In a recent column, I talked about Canada’s electrical grid derives 67% of its juice from renewable sources, chiefly hydroelectric, wind, and solar in descending order. If you include nuclear, which is carbon free though not renewable, the number jumps to 82%.

This is our nation’s single greatest achievement in addressing climate change, driven largely by the phasing out of coal. But of course it’s not enough. While the electricity flooding into our homes is increasingly clean, the majority of Canada’s energy consumption comes in the form of oil and gas, for warming our homes, heating our water, and fuelling our vehicles.

The gasoline and diesel we pump into our various automobiles accounts for 25% of Canada’s greenhouse gas emissions, the most cited and most visible culprit in our climatic conundrum. It may, however, be our next great milestone, following on the heels of our low carbon electrical grid.

The first electric vehicle (EV) was prototyped in 1828, and since that day engineers and mechanics have puzzled over how to mature this technology into something lightweight, affordable, and with the electrical capacity necessary to compete with an internal combustion empire. Here we are almost two centuries later and by golly we’ve done it.

The range of the best EVs, namely Tesla, push 600km per charge and prices have continued to plummet with the increased affordability of lithium-ion batteries, dropping in price 17% in 2018 alone, 85% since 2010. And their lifespans grow with equal vigour.

Bloomberg New Energy Finance estimates that EVs will achieve price parity with standard gasoline vehicles by 2024, and from 2025 on will be cheaper. Not only that, the cost of fuelling (charging) and maintaining electric vehicles is a fraction that of their gasoline and diesel counterparts, given dramatic reductions in moving parts and additives like engine oil and coolants. The 2° Institute estimates that switching to an EV will save the average Canadian car owner $2,461 annually.

Some say electric cars are only as clean as the grid from which they draw electricity, which is a touch oversimplified. Yes, if your grid is powered by coal, then so is your electric vehicle but even so, electric vehicles are significantly more energy efficient than internal combustion engines—three times more efficient.

So while EVs may use coal power in some districts, they use it very effectively and still achieve overall reductions in carbon emissions. Even in Alberta, the most fossil fueled provincial grid in Canada consisting of 44.% coal and 42.2% natural gas, electric cars result in 20% less carbon than equivalent gasoline vehicles.

If the grid is powered primarily with renewables, as on Prince Edward Island where wind supplies a staggering 97.9%of the province’s electricity, emission reductions are closer to 95%. Now that Canada boasts 82% carbon free electricity, EVs make a whole lot of sense.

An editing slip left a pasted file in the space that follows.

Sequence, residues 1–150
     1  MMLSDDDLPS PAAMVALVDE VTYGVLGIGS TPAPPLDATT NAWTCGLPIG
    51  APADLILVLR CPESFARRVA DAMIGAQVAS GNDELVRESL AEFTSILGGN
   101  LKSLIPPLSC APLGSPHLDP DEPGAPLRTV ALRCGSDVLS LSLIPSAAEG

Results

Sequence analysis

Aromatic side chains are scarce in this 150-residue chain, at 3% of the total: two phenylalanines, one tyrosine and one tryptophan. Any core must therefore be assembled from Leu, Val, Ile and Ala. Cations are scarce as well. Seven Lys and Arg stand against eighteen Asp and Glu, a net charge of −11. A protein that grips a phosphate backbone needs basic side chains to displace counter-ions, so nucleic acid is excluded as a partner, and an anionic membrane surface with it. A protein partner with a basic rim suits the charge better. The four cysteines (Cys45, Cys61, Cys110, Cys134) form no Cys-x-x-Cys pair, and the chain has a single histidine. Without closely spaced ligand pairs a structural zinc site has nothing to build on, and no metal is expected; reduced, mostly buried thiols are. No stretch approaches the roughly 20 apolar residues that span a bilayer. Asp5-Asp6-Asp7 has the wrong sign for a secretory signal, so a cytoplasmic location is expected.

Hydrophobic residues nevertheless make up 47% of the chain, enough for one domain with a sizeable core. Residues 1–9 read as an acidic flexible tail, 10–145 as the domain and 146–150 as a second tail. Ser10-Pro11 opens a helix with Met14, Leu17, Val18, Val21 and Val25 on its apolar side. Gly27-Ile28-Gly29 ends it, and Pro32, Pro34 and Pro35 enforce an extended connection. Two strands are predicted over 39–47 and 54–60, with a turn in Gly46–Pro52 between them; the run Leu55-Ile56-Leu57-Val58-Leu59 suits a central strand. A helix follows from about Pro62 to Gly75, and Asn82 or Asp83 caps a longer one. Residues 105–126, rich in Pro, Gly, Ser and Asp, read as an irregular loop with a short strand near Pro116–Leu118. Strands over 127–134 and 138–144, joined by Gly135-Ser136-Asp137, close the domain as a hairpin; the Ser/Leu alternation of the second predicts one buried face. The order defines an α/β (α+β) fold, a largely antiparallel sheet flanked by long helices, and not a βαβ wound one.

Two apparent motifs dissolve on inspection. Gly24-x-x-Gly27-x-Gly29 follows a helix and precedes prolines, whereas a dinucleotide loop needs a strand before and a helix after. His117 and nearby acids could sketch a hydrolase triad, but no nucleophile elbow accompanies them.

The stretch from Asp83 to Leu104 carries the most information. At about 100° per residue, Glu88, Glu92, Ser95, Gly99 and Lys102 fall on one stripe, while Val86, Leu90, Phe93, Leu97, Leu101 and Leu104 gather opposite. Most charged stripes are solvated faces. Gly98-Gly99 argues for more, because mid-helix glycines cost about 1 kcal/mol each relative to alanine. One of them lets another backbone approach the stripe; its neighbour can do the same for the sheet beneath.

Thanks to these realities and others, electric vehicles have begun a slow conquest of the market, one which will run its course in a few short decades. At the moment electric cars account for 2.5% of all vehicles sold in Canada. It’s the expectation of industry, and the express goal of the Canadian federal government, that they will climb to 10% by 2025, 30% by 2030 and 100% by 2040, the consequence of sheer economics.

My final mark against standard gasoline vehicles doesn’t concern climate, but instead health. The most recently published Lancet Countdown Report, which annually examines the consequences of climate change on human health, found that an estimated 1,063 Canadians died in 2015 as a result of air pollution from land-based transportation, and also that Canada reported the highest pediatric asthma rate among high income economies, in part due to our tailpipes.

This report urges our federal government to hasten the widespread adoption of non-emitting vehicles and complimentary energy sources, for the sake of people and planet.

So what does this mean for Nova Scotia? Canada as a whole, with an 82% carbon-free electrical grid, stands to benefit enormously from a transition to electric cars, but while P.E.I., Manitoba, Ontario, B.C. have championed this clean statistic, Nova Scotia ranks among the laggards.

We stand alongside Saskatchewan, and Alberta as predominantly fossil fuelled, with 47.9% coal, 14.3% natural gas, and 12.2% petroleum supplying our electricity, with little over 12% coming from solar and wind. Electric cars will still cut our carbon emissions, but not as significantly as elsewhere.

Also, EVs still cost more than gasoline vehicles, and will do so until 2024. In the meantime, a federal rebate of up to $5,000 will help bridge the gap, but unlike B.C. ($5,000) and Quebec ($8,000), we don’t offer our citizens a stackable rebate to speed up purchases still further. In both categories, renewable power and support for electric vehicles, we’re missing out.

As we strive toward a 53% reduction in our provincial carbon emissions below 2005 levels by 2030, as Nova Scotia committed to with the passing of our Sustainable Development Goals Act this fall, we will need to join the rest of Canada in growing the percentage of renewables charging our electrical grid, and make it possible for citizens to purchase EVs to match.

As someone who is dependent on the used market for vehicles, I understand completely that it will take time for EVs to be within the reach of many Canadians, but we must start somewhere, and today’s new cars will be tomorrow’s used. There’s enormously beneficial change on the horizon; we’re damned if we fail to seize it.

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